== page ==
The Boston Tea PartyBy Ruby Smith and Amanda Lambert
History of the Tea Party
The Boston Tea Party was a significant event that leads to the start of the American Revolutionary War and the creation of the United States of America. It occurred following the Parliaments Tea Act, enacted on May 10, 1773.

The East India Company, which provided the British and the colonists their tea supply, was going bankrupt and Britain wanted to help them get back on their feet. To help them, Britain let the company send the tea directly to the America’s, and had them lower their prices. They assumed that the colonists would buy more of it and the company would reach its heights again. If the colonists bought more tea they would have to pay almost twice the amount of taxes on it, which would help England in its debt.
The British thought this win-win situation would work, but as they started to carry out their plan, it failed. The colonists were angered. They believed that the granting of any monopoly, even one that lowered prices, would “corrupt people’s virtues and lead to a loss in liberty”. In September 1773, the East India Company planned to send out 500,000 pounds of tea to the America’s. The tea agents in New York, Philadelphia, and Charleston resigned from their positions and cancelled their orders of tea. The tea agents in Boston, however, did not resign from their jobs. Most of them were friends with the governor, who believed it was important to uphold the supremacy of the law.

"An Eyewitness Account of the Boston Tea Party." Archiving Early America: Primary Source Material from 18th Century America. N.p., n.d. Web. 10 Feb. 2012. <

When the ships finally arrived in the Boston Harbor to drop off the tea, the governor would not let them go back to England. This angered many people. On December 16, 1773 sixty men disguised themselves as Mohawk Indians and boarded the three ships in the harbor. The men broke all of the cases of tea and they threw it all into the water of the Boston Harbor. This famous event was known as the Boston Tea Party.teapartydumping_tea.jpg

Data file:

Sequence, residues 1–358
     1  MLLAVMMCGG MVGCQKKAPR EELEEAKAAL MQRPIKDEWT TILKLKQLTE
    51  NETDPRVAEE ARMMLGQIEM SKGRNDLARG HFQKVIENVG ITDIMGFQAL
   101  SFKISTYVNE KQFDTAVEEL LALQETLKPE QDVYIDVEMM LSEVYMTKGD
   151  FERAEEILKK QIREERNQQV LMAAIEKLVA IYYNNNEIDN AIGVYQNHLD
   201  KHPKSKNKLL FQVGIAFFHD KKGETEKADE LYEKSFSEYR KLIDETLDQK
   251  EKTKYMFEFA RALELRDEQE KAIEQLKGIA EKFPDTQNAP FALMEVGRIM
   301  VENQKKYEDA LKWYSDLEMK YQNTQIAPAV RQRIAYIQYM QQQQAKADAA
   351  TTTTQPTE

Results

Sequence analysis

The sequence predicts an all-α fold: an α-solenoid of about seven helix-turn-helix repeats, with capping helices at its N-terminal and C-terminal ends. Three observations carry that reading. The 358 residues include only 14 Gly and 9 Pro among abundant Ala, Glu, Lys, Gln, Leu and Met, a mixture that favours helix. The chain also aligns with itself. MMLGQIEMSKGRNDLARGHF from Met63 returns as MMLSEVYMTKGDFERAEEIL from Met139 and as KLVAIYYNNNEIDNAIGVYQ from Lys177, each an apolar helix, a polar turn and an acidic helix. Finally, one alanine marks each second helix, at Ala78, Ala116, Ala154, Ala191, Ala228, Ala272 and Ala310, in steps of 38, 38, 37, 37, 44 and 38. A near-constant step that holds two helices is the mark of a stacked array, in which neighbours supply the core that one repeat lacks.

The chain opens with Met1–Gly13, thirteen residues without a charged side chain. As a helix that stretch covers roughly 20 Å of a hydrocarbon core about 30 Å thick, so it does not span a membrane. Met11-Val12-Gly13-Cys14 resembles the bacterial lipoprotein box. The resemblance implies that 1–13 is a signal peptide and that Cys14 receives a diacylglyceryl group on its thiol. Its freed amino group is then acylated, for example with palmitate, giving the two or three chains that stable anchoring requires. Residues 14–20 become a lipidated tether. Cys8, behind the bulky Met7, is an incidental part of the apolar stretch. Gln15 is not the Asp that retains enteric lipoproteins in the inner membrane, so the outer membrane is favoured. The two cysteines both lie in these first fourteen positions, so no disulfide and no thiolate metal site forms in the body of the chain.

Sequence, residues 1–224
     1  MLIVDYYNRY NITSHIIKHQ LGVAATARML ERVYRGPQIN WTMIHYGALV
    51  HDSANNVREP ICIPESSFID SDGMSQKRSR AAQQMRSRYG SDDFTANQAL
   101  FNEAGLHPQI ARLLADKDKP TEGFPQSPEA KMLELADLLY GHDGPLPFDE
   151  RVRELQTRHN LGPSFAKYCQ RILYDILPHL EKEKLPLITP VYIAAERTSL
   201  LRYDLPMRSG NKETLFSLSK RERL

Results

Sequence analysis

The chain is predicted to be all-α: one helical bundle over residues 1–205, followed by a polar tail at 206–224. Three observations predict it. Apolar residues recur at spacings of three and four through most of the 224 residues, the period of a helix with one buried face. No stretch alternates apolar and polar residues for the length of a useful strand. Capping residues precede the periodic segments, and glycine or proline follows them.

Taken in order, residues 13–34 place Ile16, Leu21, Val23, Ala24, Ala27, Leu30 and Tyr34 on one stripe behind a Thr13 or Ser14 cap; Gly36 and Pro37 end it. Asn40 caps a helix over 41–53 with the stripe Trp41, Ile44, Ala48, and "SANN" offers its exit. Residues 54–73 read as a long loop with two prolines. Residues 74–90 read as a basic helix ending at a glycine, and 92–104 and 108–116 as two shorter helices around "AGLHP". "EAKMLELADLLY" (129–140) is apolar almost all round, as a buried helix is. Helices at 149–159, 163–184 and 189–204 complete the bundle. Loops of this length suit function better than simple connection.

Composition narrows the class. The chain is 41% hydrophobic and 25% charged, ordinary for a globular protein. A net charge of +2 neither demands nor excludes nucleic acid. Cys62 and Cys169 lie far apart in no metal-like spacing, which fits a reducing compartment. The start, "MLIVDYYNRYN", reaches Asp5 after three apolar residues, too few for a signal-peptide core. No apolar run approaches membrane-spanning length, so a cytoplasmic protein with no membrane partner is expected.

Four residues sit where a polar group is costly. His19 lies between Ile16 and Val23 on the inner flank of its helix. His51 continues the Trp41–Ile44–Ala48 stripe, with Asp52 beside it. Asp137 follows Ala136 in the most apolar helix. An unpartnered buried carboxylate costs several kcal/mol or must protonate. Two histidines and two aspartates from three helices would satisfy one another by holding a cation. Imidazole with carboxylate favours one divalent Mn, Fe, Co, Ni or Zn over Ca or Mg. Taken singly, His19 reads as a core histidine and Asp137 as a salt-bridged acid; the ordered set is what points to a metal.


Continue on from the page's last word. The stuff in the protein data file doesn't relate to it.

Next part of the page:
Many colonists up and down the coast of North America continued to boycott the Tea Act. This major event in history was only one of the factors that helped start the Revolutionary War.

Analysis of the Picture
This analysis is of the picture on the top left of this page. The painter of this picture is unknown, so is the date. Before the dumping of the tea, the East India Company went bankrupt. England tried to help them by letting the company ship the tea directly to the colonists. In this painting, the colonists, dressed up as Mohawk Indians, are dumping the tea into the harbor. The information in this picture has portrayed all of the things that we have learned about. The colonists are doing the exact things that
really happened in the Boston Tea Party.

"Boston Tea Party." From: W. D. Cooper. The History of North America. London: E. Newberry, 1789. Library of Congress. Rare Book and Special Collections Division. Engraving. American History Online. Facts On File, Inc.